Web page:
Chameleons are well-known for their ability to change color, a feature driven by nanocrystals embedded in their skin. By controlling how closely these crystals are spaced together, chameleon skin can reflect different wavelengths of light and change the color that we see.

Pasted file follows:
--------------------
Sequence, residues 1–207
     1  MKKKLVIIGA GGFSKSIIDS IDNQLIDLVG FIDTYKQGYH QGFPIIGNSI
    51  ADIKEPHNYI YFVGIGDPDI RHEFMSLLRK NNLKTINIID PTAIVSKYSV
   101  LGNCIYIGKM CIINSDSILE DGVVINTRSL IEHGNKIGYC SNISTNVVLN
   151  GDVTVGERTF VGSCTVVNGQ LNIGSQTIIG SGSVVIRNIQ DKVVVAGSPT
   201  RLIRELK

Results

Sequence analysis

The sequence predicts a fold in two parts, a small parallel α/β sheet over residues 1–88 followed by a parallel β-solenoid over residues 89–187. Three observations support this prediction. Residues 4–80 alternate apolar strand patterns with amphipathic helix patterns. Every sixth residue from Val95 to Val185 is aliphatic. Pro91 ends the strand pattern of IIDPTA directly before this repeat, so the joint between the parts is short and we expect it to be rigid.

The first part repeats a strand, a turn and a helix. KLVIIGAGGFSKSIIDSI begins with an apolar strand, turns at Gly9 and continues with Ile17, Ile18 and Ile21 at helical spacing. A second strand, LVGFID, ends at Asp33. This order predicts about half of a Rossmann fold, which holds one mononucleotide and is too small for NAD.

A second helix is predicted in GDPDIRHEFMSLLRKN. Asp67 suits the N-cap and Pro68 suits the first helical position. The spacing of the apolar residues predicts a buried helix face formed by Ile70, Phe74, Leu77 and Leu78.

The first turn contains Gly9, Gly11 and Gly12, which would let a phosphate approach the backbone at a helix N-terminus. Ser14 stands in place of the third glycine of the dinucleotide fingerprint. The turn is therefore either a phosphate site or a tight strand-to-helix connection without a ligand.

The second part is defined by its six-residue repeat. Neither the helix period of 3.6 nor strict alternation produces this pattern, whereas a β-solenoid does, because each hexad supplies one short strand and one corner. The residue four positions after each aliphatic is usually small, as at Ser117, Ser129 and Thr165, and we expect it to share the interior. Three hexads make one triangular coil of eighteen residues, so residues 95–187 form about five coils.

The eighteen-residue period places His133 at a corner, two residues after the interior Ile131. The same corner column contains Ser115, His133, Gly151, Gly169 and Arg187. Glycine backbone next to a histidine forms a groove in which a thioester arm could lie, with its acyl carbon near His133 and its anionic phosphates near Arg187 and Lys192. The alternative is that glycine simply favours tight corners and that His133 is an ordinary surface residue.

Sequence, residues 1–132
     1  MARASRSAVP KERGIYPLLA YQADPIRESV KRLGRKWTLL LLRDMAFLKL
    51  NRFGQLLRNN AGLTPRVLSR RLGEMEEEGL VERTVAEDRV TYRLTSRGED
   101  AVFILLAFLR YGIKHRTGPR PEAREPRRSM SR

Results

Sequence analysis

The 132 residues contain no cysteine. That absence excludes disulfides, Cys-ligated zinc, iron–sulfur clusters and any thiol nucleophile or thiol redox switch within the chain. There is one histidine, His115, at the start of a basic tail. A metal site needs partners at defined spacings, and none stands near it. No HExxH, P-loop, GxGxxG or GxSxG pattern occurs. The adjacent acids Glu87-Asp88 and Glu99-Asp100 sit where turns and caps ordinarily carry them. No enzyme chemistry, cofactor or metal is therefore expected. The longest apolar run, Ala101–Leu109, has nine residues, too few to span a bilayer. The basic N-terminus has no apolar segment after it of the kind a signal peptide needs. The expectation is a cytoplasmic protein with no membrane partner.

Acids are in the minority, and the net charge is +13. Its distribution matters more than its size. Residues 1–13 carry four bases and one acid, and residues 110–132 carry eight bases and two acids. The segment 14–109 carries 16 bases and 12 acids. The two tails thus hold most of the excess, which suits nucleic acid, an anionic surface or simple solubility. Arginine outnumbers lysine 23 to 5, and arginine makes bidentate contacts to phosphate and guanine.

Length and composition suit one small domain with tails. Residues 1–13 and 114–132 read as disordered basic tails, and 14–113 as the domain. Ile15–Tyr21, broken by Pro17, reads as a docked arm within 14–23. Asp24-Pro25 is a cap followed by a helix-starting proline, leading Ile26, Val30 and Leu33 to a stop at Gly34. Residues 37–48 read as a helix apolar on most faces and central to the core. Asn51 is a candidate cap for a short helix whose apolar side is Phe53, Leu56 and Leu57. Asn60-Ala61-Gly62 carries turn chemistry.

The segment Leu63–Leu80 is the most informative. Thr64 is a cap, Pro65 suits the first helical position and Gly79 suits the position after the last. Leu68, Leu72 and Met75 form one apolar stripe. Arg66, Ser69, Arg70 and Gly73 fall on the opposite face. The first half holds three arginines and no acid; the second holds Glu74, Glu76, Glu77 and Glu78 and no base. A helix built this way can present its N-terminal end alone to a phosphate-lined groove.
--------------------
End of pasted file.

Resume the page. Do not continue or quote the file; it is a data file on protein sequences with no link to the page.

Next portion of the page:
In a new study published in Nano Letters, Dr. Teri Odom and her team have harnessed this property to design a color-changing nanolaser based on arrays of metal nanoparticles on a stretchable polymer matrix. Just like chameleon skin, stretching or contracting the polymer matrix changes the wavelength emitted from the laser. This work could lend itself to applications like flexible, color optical displays and multi-channel optical communications.
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